Songs with Grammar Errors

Have you ever thought about the grammatical correctness of certain song lyrics? Here are a few notable slip-ups.

Eric Clapton, Lay Down Sally

A frequent misuse of ‘lay’. You only lay down an object, like placing a book on a table. When we rest, we lie down. So, the request should be ‘Lie Down, Sally’.

Gwen Stefani, Rich Girl

If I was a rich girl…

This one’s not obvious. ‘If I was’ should be ‘If I were’ because something contrary or unlikely to occur is proposed. The ‘if-I-were’ phrase is a classic case of the subjunctive mood, an endangered species as grammar rules go. Oddly, the song gets the phrase wrong despite taking its tune from the grammatically correct ‘If I Were a Rich Man’ featured in the musical Fiddler on the Roof.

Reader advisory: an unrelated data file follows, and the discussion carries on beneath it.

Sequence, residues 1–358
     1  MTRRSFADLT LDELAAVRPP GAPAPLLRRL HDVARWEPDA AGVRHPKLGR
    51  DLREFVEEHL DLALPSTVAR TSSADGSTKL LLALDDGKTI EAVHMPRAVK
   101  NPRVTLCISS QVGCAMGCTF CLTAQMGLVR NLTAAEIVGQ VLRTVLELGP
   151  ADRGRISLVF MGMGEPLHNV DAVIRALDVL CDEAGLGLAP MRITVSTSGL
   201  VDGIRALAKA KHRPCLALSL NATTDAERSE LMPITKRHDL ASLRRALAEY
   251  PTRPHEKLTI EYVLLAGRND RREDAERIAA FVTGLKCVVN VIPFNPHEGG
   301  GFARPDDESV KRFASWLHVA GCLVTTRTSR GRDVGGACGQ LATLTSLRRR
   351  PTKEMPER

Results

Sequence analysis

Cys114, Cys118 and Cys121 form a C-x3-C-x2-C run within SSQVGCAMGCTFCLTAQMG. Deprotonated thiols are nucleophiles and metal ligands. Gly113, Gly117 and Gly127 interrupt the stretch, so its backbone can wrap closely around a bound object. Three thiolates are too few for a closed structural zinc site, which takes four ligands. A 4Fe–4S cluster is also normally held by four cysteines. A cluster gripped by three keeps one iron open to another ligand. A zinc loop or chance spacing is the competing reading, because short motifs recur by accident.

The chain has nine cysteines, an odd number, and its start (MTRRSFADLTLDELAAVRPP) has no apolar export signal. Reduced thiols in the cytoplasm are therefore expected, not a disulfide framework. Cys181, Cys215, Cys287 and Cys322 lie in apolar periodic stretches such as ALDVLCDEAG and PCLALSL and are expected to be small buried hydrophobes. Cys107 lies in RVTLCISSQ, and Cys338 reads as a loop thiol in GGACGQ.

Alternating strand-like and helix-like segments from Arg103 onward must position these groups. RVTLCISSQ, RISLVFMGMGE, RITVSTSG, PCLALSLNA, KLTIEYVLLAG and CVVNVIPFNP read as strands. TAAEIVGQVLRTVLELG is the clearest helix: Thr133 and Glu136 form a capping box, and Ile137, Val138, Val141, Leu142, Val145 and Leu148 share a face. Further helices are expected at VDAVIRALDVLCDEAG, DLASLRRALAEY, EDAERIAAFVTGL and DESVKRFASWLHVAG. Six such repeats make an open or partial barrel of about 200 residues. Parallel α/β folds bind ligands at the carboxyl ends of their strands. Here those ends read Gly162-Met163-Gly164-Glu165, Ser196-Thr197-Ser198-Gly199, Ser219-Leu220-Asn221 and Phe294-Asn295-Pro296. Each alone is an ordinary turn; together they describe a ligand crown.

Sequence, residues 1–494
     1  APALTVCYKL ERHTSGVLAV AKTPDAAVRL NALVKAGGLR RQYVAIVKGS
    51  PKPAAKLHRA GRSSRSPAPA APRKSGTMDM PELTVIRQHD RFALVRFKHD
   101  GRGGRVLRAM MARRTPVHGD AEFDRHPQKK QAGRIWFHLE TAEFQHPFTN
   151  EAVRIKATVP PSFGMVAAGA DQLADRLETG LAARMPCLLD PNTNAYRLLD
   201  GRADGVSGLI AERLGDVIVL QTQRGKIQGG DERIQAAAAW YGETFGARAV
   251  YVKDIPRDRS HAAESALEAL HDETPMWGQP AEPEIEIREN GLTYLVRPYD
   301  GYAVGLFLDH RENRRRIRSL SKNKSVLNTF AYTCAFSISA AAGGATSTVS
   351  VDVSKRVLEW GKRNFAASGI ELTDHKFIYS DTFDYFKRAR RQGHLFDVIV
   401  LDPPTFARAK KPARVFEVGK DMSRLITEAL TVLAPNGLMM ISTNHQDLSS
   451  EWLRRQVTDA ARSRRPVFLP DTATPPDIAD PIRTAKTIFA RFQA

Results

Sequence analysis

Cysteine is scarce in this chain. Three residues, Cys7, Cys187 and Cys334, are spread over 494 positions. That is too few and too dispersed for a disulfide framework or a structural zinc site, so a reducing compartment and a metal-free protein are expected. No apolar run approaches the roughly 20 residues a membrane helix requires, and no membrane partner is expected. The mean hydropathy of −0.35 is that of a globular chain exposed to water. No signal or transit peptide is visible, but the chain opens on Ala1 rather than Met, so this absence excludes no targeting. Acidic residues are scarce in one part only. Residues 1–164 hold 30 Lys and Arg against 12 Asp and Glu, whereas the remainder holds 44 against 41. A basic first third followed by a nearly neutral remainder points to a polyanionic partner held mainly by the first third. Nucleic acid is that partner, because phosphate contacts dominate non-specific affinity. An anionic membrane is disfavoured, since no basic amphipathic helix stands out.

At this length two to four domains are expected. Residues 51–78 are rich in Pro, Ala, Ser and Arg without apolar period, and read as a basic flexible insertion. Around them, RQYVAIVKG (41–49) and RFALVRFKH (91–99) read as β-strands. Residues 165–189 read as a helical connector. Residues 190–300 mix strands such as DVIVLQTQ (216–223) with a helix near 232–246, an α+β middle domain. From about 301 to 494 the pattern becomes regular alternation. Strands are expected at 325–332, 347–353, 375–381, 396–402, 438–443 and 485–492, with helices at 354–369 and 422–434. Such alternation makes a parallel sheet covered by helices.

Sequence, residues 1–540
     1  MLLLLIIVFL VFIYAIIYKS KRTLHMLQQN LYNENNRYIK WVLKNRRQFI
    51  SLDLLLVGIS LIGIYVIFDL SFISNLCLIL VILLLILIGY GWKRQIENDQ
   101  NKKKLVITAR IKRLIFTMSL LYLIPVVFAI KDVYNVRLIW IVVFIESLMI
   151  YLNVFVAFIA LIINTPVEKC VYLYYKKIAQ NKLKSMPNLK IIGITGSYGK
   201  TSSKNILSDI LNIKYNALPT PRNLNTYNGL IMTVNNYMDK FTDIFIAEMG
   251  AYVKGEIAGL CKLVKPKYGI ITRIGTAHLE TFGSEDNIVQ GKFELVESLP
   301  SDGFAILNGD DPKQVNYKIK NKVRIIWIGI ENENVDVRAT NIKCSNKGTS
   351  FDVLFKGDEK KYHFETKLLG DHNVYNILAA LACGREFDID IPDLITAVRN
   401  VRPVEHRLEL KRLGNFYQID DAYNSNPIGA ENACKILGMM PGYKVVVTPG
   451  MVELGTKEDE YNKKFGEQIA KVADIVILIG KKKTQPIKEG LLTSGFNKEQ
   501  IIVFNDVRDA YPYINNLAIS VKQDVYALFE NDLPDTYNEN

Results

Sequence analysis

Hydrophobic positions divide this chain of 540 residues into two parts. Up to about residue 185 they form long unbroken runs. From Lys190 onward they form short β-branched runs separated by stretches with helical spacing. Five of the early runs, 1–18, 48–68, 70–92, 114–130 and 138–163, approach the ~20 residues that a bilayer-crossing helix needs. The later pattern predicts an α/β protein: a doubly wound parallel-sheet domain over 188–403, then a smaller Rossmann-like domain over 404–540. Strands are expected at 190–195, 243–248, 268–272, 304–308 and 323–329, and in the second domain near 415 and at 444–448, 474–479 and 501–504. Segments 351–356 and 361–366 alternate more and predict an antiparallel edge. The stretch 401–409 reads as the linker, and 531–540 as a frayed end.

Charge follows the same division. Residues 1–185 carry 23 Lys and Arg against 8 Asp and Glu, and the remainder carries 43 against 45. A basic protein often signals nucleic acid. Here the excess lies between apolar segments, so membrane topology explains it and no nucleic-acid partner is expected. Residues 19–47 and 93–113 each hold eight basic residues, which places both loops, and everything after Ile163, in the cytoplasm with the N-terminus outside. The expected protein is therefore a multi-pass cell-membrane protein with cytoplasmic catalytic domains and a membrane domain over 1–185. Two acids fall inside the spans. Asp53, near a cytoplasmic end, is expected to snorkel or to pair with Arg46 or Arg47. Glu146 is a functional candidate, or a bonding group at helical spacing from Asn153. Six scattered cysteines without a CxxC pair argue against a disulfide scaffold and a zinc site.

Bo Diddley, Who Do You Love?

The object of a sentence, and of one’s affection, always triggers a ‘whom’ – see Who versus Whom.

Beyoncé, “Get Me Bodied”

New word alert! According to GP’s homeboy sources, ‘bodied’ can mean to ‘impress someone with dance moves’ or ‘dance intimately’ (we’ll stop there). Like many modern recording artists, Beyoncé loves to coin new phrases. For a hilarious analysis of the entire song’s dubious grammar, click here.

Justin Timberlake, What Goes Around

When you cheated girl, my heart bleeded girl…

Enough said.

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